Repent, Reconcile, Grow
Fifth Sunday of Lent, Year B
St. Mark’s Episcopal Church | Milwaukee, WI
March 18, 2018
Hide your face from my sins*/ and blot out all my iniquities. Create in me a clean heart, O God,*/ and renew a right spirit within me. Amen.
Good morning. Congratulations, everyone; you’ve made it through 28 days of Lent: well over halfway there! I don’t know about you, but it has seemed like a long 28 days to me. Perhaps that’s because midwestern “Old Man Winter” never seems to leave. Or for others, maybe giving up your favorite TV Show, social network, or candy bar for 28 days in a row is beginning to get a bit difficult, in which case I’d like to remind you that Sundays don’t technically count in the 40 days of Lent and I won’t tell if you won’t…
All kidding aside, Lent does seem to last a very long time, at least to me. Other seasons like Christmas and Easter always seem to zip by in contrast: perhaps because I have such positive feelings associated with them: hope, gratitude, joy. But when we come to Lent, the atmosphere often seems gloomier. A season devoted to reflecting on and confessing our sins more than normal is bound to take some sort of toll on us.
And, we do pay more of our attention to our sins during Lent. We began the season on Ash Wednesday. On the first Sunday of Lent, we prayed the Great Litany. We even begin each Sunday morning with the General Confession. We literally frame this entire season around our sin and repentance of it. Even our Psalm passage for this morning explicitly says the word “sin” six times and refers to it in six other ways as well. Sin is everywhere.
About three years ago, I was teaching a group of seventh and eight-grade confirmation students all about sin. When I asked the group to close their eyes and raise their hands if they thought they had sinned over the last week, zero hands went up. It was at this point I had figured I was in one of two possible scenarios. Either: (a) I was teaching an entire class of perfect, Christ-like teenagers, or (b) they didn’t know what sin was.
After a few group attempts at defining sin, one young man piped up and said, “Sin is when we break one of God’s commandments.” The group seemed to like that definition—me included—but when we established that definition, one young lady said, “And that’s why it’s so easy not to sin: all you have to do is follow ten easy rules.” I wish avoiding sin was so easy…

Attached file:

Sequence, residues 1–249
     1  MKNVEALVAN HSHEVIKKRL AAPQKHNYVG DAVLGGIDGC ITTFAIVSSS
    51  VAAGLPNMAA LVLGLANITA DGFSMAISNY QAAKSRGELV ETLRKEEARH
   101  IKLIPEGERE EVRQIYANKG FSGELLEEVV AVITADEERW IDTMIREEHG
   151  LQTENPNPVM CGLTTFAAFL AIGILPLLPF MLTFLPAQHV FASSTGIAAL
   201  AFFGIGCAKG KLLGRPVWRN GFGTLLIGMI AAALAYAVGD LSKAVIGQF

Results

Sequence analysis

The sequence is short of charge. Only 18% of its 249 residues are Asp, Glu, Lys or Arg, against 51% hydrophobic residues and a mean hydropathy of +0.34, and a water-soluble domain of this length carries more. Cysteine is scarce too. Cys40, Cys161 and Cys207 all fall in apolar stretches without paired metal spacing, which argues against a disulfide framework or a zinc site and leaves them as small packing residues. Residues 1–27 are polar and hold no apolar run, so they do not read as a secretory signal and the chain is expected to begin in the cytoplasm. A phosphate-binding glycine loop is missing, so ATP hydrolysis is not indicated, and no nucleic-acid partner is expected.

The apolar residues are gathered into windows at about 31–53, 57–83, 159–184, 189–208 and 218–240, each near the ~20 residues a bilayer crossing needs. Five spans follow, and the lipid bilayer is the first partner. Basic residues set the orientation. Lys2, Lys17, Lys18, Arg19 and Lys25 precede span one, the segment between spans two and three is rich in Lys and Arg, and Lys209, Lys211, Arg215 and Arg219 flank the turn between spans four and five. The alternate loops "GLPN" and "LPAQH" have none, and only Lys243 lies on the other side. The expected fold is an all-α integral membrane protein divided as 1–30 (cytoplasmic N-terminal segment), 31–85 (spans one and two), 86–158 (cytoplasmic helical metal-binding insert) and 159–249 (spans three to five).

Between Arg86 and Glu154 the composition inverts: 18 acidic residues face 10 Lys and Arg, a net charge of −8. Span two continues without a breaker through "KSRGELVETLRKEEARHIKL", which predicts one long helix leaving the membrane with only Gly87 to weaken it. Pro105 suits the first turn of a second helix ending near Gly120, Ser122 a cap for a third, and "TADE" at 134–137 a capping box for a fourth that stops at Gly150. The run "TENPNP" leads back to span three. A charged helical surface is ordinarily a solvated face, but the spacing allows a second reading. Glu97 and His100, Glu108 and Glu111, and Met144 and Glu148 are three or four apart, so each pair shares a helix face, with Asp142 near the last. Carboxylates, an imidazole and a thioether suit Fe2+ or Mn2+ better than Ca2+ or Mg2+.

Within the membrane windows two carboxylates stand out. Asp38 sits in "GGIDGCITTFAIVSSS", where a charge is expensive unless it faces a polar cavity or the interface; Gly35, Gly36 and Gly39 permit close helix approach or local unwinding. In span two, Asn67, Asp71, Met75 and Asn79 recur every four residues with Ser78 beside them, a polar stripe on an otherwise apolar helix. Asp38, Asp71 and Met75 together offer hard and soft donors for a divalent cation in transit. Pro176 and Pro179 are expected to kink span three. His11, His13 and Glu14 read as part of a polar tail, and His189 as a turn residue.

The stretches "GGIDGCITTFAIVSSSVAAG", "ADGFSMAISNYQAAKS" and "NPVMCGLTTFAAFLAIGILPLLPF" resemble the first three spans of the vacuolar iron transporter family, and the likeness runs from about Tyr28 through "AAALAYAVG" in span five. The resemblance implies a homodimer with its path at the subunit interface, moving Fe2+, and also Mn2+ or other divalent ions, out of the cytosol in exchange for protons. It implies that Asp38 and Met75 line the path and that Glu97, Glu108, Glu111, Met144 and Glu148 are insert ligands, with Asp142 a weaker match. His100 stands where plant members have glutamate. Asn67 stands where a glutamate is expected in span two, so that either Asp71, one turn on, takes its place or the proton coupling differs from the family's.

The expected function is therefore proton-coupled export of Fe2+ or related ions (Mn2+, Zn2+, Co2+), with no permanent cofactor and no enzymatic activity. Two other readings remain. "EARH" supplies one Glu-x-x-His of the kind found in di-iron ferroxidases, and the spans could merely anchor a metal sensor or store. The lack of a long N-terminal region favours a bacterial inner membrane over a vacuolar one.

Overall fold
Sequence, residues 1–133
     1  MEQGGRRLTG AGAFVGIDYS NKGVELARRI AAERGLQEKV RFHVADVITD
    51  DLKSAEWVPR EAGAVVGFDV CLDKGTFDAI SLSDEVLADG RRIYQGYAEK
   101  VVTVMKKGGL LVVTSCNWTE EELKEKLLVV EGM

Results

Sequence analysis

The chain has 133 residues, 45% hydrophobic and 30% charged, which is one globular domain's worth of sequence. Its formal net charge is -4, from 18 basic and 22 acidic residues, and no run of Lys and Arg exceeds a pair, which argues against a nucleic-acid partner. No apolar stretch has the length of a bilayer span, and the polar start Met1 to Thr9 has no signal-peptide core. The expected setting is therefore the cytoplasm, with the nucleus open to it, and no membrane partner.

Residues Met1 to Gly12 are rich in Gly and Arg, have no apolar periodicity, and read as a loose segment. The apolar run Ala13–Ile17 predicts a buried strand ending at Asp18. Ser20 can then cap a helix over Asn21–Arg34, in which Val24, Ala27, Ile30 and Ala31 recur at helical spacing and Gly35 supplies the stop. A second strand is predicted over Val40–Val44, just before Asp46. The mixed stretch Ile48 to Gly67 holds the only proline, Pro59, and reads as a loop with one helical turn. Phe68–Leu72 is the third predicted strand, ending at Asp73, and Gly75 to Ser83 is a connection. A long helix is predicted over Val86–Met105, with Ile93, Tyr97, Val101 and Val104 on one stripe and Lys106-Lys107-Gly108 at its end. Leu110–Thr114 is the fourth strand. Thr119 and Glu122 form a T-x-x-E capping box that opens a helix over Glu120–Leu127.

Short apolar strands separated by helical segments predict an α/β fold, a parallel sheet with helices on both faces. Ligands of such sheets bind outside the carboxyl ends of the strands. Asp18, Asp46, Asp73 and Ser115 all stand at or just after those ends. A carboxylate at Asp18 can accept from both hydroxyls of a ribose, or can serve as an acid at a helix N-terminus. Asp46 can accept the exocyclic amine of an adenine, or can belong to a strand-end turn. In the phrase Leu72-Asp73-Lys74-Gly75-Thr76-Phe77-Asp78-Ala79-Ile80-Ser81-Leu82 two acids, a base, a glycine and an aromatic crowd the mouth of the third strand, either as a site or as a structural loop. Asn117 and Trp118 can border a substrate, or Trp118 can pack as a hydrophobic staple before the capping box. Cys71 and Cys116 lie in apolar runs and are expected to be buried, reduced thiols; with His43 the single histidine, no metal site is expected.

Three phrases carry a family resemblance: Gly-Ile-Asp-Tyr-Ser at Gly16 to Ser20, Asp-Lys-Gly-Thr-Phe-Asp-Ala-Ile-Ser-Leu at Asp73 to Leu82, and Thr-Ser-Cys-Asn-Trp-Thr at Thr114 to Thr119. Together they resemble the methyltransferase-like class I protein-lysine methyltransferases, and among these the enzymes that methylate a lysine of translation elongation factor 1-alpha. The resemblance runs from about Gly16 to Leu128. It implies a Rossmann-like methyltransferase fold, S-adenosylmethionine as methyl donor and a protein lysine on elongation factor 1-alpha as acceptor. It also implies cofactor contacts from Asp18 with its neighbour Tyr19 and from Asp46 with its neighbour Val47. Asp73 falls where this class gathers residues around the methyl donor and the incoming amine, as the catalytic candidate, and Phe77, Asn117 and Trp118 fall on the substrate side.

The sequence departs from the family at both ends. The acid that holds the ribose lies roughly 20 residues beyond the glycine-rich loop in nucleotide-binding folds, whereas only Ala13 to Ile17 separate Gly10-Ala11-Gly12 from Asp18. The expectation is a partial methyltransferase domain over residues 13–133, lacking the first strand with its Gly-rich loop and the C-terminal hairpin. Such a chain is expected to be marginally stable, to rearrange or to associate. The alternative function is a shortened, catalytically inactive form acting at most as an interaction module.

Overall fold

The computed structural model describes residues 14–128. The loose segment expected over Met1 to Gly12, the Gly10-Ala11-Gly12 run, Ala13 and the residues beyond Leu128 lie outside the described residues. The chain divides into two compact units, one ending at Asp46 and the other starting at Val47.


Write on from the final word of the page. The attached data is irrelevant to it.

The students were all surprised to learn that there were much more than 10 commandments. When they began guessing how many there were, I got guesses like 50, then 100, then 200: their eyes widening further and further after every time I told them, “higher.” When I finally broke the news that there are 613 commandments laid out in the Old Testament, that same young lady said, “I think I’ve probably sinned before…” They were beginning to see just how easy it really is to sin, and I gave her an honest response, “You’ve definitely sinned before.”
As I told that class, and every confirmation class I’ve taught since, there’s bad news and good news when it comes to sin. But, since the story ends with the good news, let’s begin the with the bad.
The bad news is that it is incredibly easy to sin. If we used that young man’s definition, we can point to over six hundred different ways we can possibly sin. However, the Episcopal Church’s definition of sin goes a bit further. In our Catechism (a document in our prayer book that states what we believe) we define sin as, “the seeking of our own will instead of the will of God…” That gives you well over six hundred possible ways to sin… more like six trillion. Whenever we try to do what we want to do instead of what God would want us to do—especially if we do it intentionally—we sin. This makes some of the most common things we’re not proud of doing sinful. Walking by and ignoring an open hand asking for something to eat: that’s a sin. Having that extra helping of food when you know you’ve had enough—something I’m definitely guilty of: that’s a sin. Even throwing away a piece of paper because the trash can is right next to you and the recycling bin is across the room: that’s a sin. Some of these decisions we make are so small that we might not think of them as big or bad enough to impact anyone or anything, so we don’t tend to think of them as sinful. But, the fact of the matter is that this really is how easy it is to sin. It is often the case whenever we try to make our lives easier, more comfortable, or more pleasant at the expense of another part of God’s creation, we sin.